Doug Ford’s role in OPP turmoil raises questions of political interference
Ontario Premier Doug Ford and Prime Minister Justin Trudeau are political opposites who right now share something: both face allegations of political interference in the justice system.
Partisans will no doubt disagree on whose alleged political interference is worse: the federal Liberals’ handling of the SNC-Lavalin corruption case or the provincial Progressive Conservatives’ alleged meddling with the upper echelons of the Ontario Provincial Police.
You can read plenty of analysis throughout cbc.ca of why the SNC-Lavalin affair matters, why the testimony of former attorney general Jody Wilson-Raybould is resonating, and why the Trudeau Liberals are engulfed in a deepening crisis about just how much political pressure they exerted over a criminal case.
Why are Ford’s PCs being accused of interfering with the OPP? The government appointed a close friend of Ford to head the provincial police force, and fired a veteran officer who had produced evidence that Ford tried to influence police operations.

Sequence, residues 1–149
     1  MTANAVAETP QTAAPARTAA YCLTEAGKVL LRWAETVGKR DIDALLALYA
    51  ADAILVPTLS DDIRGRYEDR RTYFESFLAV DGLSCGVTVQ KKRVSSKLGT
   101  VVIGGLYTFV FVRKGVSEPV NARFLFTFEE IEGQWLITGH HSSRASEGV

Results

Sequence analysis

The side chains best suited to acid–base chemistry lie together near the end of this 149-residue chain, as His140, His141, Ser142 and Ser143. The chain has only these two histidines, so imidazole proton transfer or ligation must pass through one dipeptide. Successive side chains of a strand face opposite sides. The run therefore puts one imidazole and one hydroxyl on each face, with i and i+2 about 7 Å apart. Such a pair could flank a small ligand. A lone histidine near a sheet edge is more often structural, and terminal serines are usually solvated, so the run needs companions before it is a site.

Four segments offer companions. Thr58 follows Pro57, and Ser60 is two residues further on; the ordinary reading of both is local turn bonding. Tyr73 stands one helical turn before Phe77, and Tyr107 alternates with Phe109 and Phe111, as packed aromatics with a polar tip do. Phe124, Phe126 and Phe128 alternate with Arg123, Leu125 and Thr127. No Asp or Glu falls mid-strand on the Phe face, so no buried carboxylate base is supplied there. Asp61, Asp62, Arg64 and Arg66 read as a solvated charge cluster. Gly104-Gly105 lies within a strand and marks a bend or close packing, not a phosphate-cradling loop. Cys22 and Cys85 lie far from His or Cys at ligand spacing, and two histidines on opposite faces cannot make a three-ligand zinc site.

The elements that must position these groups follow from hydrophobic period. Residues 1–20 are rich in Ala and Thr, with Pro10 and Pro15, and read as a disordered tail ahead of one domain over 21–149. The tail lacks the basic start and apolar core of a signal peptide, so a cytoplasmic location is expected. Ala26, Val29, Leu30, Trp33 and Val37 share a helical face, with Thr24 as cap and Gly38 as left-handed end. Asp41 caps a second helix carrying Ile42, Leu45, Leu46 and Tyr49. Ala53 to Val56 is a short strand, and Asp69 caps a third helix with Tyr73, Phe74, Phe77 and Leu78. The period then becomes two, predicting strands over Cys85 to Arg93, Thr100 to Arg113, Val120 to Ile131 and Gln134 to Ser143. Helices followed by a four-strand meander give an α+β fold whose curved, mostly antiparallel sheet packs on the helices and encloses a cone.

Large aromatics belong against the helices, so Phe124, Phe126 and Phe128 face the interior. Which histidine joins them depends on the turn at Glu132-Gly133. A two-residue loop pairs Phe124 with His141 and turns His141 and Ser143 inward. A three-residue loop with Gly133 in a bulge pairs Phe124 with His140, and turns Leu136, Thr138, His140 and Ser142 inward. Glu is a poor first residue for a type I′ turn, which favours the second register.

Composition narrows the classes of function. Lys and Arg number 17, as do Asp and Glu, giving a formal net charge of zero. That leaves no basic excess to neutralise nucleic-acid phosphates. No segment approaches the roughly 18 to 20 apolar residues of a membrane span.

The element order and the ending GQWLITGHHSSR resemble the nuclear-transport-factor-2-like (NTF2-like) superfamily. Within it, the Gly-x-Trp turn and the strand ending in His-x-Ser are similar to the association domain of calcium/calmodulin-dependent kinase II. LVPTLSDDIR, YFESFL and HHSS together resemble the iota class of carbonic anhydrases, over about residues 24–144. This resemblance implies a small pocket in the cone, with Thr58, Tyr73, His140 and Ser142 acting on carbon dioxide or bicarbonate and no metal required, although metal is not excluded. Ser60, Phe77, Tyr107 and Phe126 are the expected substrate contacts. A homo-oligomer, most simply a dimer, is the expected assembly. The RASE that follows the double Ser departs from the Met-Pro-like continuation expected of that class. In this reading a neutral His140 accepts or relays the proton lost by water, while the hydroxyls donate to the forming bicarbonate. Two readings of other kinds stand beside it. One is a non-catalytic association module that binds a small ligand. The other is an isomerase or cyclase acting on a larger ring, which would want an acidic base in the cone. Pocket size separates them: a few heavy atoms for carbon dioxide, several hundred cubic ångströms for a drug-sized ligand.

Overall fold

Why does it matter?
“The OPP can be called in to investigate provincial politicians, and the citizens of Ontario need to have faith that the OPP is truly independent, above political interference, and free from abuses of power,” said Brad Blair, the deputy commissioner who was fired on Monday after a spotless 32-year career with the OPP.
In a written statement Tuesday, Blair said he went public with his concerns about “real and/or perceived political interference” in the force because “the cost of a compromised OPP is too great a price to pay.” (Continued: CBC)